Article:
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Fort Campbell’s 86th Combat Support Hospital cases colors in Liberia

 

Written by Sgt. 1st Class Nathan Hoskins
Headquarters, 101st Airborne Division (Air Assault)

Fort Campbell KY - 101st Airborne Division86th Combat Support HospitalPaynesville, Liberia – The 86th Combat Support Hospital, from Fort Campbell, Kentucky, deployed as Task Force Eagle Medic in support of Operation United Assistance, cased its colors February 12th during a ceremony at the National Police Training Academy, Paynesville.

Task Force Eagle Medic’s main mission in Liberia was to train health care workers to safely work in an Ebola treatment unit where suspected and confirmed Ebola patients receive care.

Maj. Gen. Gary Volesky makes open remarks during 86th Combat Support Hospital’s color casing ceremony at the National Police Training Academy, Paynesville, Liberia, Feb. 12, 2015. The 86th CSH, deployed as Task Force Eagle Medic in support of Operation United Assistance, will head back to Fort Campbell, KY. (Sgt. 1st Class Nathan Hoskins, 101st Airborne Division Public Affairs)

Maj. Gen. Gary Volesky makes open remarks during 86th Combat Support Hospital’s color casing ceremony at the National Police Training Academy, Paynesville, Liberia, Feb. 12, 2015. The 86th CSH, deployed as Task Force Eagle Medic in support of Operation United Assistance, will head back to Fort Campbell, KY. (Sgt. 1st Class Nathan Hoskins, 101st Airborne Division Public Affairs)

Col. Edward Bailey, commander of the 86th CSH, felt TF Eagle Medic accomplished everything asked of them and more, thanking all who contributed to the successful mission in his remarks during the ceremony.

“Most importantly, thank you to all the Soldiers, Sailors and Airmen who served with Task Force Eagle Medic,” said Bailey.

During their deployment, TF Eagle Medic Soldiers, who served under the Joint Forces Command – United Assistance, trained more than 1,500 health care workers.

They accomplished this through resident courses based out of Liberia’s National Police Training Academy, where their headquarters was located, and through mobile training teams, which ventured out into remote areas of the country to reach health care workers who couldn’t travel to the NPTA.

In attendance for the ceremony was Maj. Gen. Gary Volesky, the JFC-UA commander. Volesky was proud of the work TF Eagle Medic accomplished across Liberia.

Col. Edward Bailey, commander of Task Force Eagle Medic and the 86th Combat Support Hospital based out of Fort Campbell, KY, cases his unit’s colors during a ceremony at the National Police Training Academy, Paynesville, Liberia, Feb. 12, 2015. The 86th CSH, deployed as Task Force Eagle Medic in support of Operation United Assistance, will head back to Fort Campbell, KY.  (Sgt. 1st Class Nathan Hoskins, 101st Airborne Division Public Affairs)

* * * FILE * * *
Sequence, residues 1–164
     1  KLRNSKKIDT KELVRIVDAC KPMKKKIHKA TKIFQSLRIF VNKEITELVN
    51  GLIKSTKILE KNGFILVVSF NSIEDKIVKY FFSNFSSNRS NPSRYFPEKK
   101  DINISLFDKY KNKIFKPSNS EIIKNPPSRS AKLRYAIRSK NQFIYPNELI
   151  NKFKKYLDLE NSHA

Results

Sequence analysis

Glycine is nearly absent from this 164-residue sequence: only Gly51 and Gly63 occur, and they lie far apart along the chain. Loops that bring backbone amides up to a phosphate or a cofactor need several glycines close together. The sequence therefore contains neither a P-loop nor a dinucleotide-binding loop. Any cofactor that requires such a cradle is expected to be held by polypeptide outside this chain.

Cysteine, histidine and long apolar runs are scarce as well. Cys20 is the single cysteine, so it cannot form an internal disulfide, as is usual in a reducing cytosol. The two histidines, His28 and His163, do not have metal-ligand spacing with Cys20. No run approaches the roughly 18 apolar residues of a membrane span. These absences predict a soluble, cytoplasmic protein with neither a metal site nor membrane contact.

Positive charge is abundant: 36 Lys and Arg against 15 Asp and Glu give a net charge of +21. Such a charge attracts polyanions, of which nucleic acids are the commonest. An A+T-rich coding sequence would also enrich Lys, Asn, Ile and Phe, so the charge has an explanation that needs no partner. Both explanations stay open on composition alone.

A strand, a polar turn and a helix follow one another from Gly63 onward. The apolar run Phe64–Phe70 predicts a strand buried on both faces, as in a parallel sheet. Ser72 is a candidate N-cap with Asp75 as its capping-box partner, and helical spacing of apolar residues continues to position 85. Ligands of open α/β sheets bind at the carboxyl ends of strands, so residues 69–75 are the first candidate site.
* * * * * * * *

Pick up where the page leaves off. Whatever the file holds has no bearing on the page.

Col. Edward Bailey, commander of Task Force Eagle Medic and the 86th Combat Support Hospital based out of Fort Campbell, KY, cases his unit’s colors during a ceremony at the National Police Training Academy, Paynesville, Liberia, Feb. 12, 2015. The 86th CSH, deployed as Task Force Eagle Medic in support of Operation United Assistance, will head back to Fort Campbell, KY. (Sgt. 1st Class Nathan Hoskins, 101st Airborne Division Public Affairs)

“This training empowered the government of Liberia and the Liberian people the ability to reduce human suffering caused by Ebola,” said Volesky to those who attended the ceremony. “It restored confidence inside local communities and provided trained experts to keep watch for any future Ebola outbreaks.”

The number one priority of the JFC-UA commander was force health protection, which Bailey said his team did a tremendous job of providing.

His team conducted more than 700 water tests, supported well development at Ebola treatment units, conducted over 75 vector control missions, and assured food and water were safe for JFC-UA service members.

The Eagle Medic Soldiers also ran the Role II medical facility at Roberts International Airfield and provided personnel to assist and support patient care at Role I facilities located at the Barclay Training Center, Monrovia, the National Police Training Academy, and the life support area in Buchanan, said Bailey.

“This was a tremendous opportunity for the 86th CSH, and as we case our colors and execute our redeployment, we are already looking to our next rendezvous with destiny,” he said.

For more imagery and articles on Task Force Eagle Medic and Operation United Assistance, visit:
www.dvidshub.net/feature/OperationUnitedAssistance

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